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Thursday, 25 July, 2002, 21:55 GMT 22:55 UK
Moussaoui drops guilty plea
Workers in the Remains of the World Trade Center following 11 September attacks
Moussaoui claims he had prior knowledge of the attacks
After a confusing hearing in a US courtroom, the only man charged over the 11 September terror attacks has withdrawn a guilty plea - shortly after making it.

Zacarias Moussaoui
Moussaoui's lawyers believe he is mentally ill

The retraction came after US District Judge Leonie Brinkema ruled that Zacarias Moussaoui was mentally fit to enter a plea, and he proceeded to plead guilty to four of the six conspiracy charges he faces - the ones that carry the death penalty.

But then Judge Brinkema explained that such a plea would mean he accepted responsibility for any involvement in the planning or execution of the attacks that left more than 3,000 dead.

After a recess, the defendant withdrew his plea, quoting William Shakespeare's play Hamlet and calling upon his own interpretation of the Islamic faith.

"Hamlet said: 'To be or not to be, that is the question.' I say: To plead guilty or not to plead guilty, that is the question," he told the court.

"As a Muslim, I cannot endorse anything with the condition of death," he added.

The dramatic turn of events now means that French citizen Mr Moussaoui is likely to face a full trial, the BBC's Justin Webb reports from outside the courtoom in Alexandria, Virginia.

First pleas

The hearing came after last week's surprise move, when Mr Moussaoui rose in the courtroom and announced that he wanted to plead guilty. He added that he was a member al-Qaeda and that he had prior knowledge of the 11 September attacks.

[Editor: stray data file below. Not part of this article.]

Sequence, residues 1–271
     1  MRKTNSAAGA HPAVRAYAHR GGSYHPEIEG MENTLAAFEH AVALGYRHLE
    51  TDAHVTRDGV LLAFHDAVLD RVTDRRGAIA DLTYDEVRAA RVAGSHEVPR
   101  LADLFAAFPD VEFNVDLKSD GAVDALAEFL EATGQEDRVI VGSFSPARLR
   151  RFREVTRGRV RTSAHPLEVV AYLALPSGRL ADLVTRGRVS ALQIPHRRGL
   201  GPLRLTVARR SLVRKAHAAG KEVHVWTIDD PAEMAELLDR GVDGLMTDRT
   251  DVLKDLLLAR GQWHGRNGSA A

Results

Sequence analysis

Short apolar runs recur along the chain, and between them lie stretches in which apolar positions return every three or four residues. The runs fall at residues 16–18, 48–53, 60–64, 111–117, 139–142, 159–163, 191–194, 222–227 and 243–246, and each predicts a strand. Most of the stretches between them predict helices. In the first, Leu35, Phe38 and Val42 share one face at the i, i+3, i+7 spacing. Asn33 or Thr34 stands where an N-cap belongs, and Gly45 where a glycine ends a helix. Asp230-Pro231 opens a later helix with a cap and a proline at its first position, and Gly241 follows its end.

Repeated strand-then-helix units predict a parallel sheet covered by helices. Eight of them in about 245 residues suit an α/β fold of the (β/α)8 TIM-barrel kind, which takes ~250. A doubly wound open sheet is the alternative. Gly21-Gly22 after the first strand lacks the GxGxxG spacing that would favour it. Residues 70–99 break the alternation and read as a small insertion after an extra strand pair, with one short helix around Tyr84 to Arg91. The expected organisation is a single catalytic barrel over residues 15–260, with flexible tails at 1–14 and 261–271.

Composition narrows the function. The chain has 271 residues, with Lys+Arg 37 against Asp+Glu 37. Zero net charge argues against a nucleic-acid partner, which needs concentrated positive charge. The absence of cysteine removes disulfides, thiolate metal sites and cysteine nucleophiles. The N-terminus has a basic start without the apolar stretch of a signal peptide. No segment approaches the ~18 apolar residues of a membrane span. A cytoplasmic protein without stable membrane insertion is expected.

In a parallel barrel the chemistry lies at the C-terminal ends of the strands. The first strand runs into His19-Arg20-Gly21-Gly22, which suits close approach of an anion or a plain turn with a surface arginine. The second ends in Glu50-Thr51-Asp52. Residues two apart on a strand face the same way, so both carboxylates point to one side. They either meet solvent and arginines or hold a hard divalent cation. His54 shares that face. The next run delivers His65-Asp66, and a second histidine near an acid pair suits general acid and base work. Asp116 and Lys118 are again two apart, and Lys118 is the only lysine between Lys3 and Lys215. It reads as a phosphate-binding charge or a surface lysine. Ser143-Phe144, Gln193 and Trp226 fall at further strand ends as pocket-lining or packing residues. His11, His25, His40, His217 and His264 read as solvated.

But the judge convinced him then to take some time to think about it, and this week wrote to him to explain what a guilty plea would mean.

Mr Moussaoui's court-appointed lawyers tried to delay Thursday's hearing, arguing that he needed further mental examination.

Mr Moussaoui has fired his lawyers and is insisting on representing himself, but his legal team remains involved in the case on a court order.

Quick change

On Thursday, Mr Moussaoui at first said he would plead guilty to four counts of conspiracy.

"Today I truthfully will enter on some of the charges, not all, a plea of guilty," he told the judge.

But the judge questioned him about his involvement in the attacks, and it became obvious that Mr Moussaoui was not in fact admitting that he had taken part in the 11 September conspiracy - the essence of the charges against him.

"They allege I provided a guest house, I accept," he said. "If they allege providing training, it is possible for me to accept," he said.

"I plead guilty to what is in the indictment, but it still doesn't put me on the plane."

Mr Moussaoui declared: "I want to plead only for what I did, not for what they say I did."

After the exchange, Judge Brinkema told Mr Moussaoui: "At this point I do not believe you are prepared to make a guilty plea because you are not prepared to admit the essence of the conspiracy,"

Going it alone

None of Mr Moussaoui's defence team have been in contact with their client since he asked to fire them in June, alleging that they were plotting to kill him.

"We don't know why Mr Moussaoui believes the way he does. It's that belief that caused us to question his mental status," said the lead defence lawyer, Frank Dunham.

Last week, as he tried to enter a guilty plea, Mr Moussaoui pledged allegiance to Osama Bin Laden and his al-Qaeda network.

The US Government holds Bin Laden and al-Qaeda responsible for the 11 September attacks on New York and Washington, which killed nearly 3,000 people.

Mr Moussaoui said last week that he wanted to plead guilty in order to move onto the punishment phase of the trial.

The US authorities have already said they are seeking his execution.

The BBC's Jacky Rowland
"This story has more than its share of surprises"
Zacarias Moussaoui's mother, Aicha el-Wafi
"After eleven months... my son is no longer able to think rationally"
Legal expert Ira Robbins
"To have a valid plea, the defendant must enter it knowingly and voluntarily"

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See also:

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